In this retold tale, we learn of cooperation, symbiosis and friendship. It is a typical explanatory tale with lessons for life. There are vibrant illustrations in blue and greens, orange and browns–oil paint on denim—highlighted by borders of white.
The story begins with fearsome Crocodile lying quiet and still on the bank of the St. John River in Liberia, West Africa where he resides. He is in pain because he has a sore tooth. The many forest animals wonder why the mighty crocodile is lying quietly on the riverbank and ask, “Why is Crocodile not moving?” Guinea Fowl, Leopard, Tiny Leaf Walker, Monkey and Snake observe that the river “is a very dull place these days” (6). After all the animal speculation, “old and wise Turtle” offers to go to Crocodile to find out why he is so unhappy (9). Turtle becomes the mediator/go-between in the tale but it is Plover Bird [who] has knowledge and skills and the cleverness to [solve Crocodile’s problem]. She gathers ingredients from the forest and wood ash from a village and [tells] Crocodile that she will use the medicine and clean his teeth if he will agree to give her the bits of fish from his teeth for her and her children and that he will never harm them, forever and ever. When Crocodile agrees, she hops in his mouth, applies the medicine to his sore tooth, and proceeds to clean his teeth for bits of fish for herself and her children. The last page summarizes that this is why in Liberia, “the fearsome crocodile allows the little plover bird to hop about in his mouth cleaning his many teeth” (32).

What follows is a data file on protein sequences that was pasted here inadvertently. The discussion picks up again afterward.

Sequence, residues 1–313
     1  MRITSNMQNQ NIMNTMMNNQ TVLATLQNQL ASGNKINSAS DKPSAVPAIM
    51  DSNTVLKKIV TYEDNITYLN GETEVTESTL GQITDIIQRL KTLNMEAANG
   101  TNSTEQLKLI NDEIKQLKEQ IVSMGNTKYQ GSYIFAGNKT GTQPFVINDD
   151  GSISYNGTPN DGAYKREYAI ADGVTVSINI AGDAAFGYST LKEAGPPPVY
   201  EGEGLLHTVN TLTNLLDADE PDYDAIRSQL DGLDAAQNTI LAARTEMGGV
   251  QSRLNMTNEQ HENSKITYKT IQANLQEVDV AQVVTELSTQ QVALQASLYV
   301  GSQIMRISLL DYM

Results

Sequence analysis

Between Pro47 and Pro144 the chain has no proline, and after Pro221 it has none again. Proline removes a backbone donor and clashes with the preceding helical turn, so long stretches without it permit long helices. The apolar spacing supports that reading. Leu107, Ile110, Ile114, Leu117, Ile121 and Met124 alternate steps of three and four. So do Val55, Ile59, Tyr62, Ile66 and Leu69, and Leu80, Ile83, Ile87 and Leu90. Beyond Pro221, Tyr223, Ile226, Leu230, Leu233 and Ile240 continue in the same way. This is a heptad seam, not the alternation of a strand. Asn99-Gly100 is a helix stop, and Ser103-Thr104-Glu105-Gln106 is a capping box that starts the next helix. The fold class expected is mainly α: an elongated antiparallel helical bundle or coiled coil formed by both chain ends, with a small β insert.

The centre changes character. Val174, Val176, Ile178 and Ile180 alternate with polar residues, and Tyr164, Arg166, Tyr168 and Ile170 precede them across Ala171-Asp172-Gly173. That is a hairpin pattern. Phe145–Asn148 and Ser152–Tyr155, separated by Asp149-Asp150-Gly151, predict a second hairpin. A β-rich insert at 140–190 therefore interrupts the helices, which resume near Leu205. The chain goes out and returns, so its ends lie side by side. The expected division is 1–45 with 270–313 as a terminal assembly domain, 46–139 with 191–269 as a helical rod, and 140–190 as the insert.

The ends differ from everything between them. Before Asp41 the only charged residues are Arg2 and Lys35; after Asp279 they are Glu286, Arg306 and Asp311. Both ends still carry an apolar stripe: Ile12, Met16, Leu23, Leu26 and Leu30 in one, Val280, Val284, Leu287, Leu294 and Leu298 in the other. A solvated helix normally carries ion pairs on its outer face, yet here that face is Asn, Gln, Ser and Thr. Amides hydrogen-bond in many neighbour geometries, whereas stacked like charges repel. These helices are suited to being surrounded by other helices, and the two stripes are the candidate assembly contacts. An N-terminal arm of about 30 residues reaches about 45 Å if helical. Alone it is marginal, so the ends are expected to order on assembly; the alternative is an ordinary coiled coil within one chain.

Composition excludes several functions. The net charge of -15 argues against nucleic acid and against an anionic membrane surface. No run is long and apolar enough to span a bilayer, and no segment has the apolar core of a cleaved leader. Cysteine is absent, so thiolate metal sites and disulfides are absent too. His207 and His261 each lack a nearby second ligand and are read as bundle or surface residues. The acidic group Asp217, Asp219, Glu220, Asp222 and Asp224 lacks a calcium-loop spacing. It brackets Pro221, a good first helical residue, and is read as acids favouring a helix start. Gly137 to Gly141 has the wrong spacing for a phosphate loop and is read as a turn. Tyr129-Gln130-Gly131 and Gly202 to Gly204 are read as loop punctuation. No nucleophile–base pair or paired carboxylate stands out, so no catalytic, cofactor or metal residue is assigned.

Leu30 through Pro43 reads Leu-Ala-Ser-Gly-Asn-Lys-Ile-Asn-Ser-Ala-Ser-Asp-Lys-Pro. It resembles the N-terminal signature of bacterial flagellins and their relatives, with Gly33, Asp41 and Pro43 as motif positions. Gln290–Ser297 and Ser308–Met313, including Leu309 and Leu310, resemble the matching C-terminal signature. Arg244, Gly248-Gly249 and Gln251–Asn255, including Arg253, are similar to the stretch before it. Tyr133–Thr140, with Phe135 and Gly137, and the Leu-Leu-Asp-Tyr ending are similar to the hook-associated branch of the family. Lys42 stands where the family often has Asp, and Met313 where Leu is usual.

The text and the illustrations are vivid, with enticing read aloud repetitions. Young readers will enjoy a clever story and learn about the varied fauna found in tropical West Africa and their symbiotic existence, as well as life lessons about cooperation and interdependence.
There are several minor concerns. In several sections, the author inserts too much exposition. He includes an explanation, the moral of the story, in the voice of Turtle, “wise as he was” (30), but readers should be able to figure this out on their own.
In an author’s note, Richards states that it is probable that the story of the crocodile and the plover bird “was originally brought to Liberia by Islamic groups in the thirteenth or fourteenth century AD.” It is not clear what the evidence is for this statement. There could be similar stories in many parts of the world and though wars and migrations from the medieval empires of the Sahel pushed migrations of peoples further south toward the coast, it is unlikely that Islamic groups were in Liberia in the 13th or 14th centuries.
A minor but persistent annoyance is the gratuitous use of “native” when writing of African topics. The writer notes that the illustrator “specializes in depicting native life…” Why not: Liberian life… the illustrator, a Liberian…local life? There is an app, “Dentist Bird,” available for $1.99.
Reviewed by Jo M. Sullivan, Ph.D., Independent Scholar.
Published in Africa Access Review (May 3, 2015)
Copyright 2015 Africa Access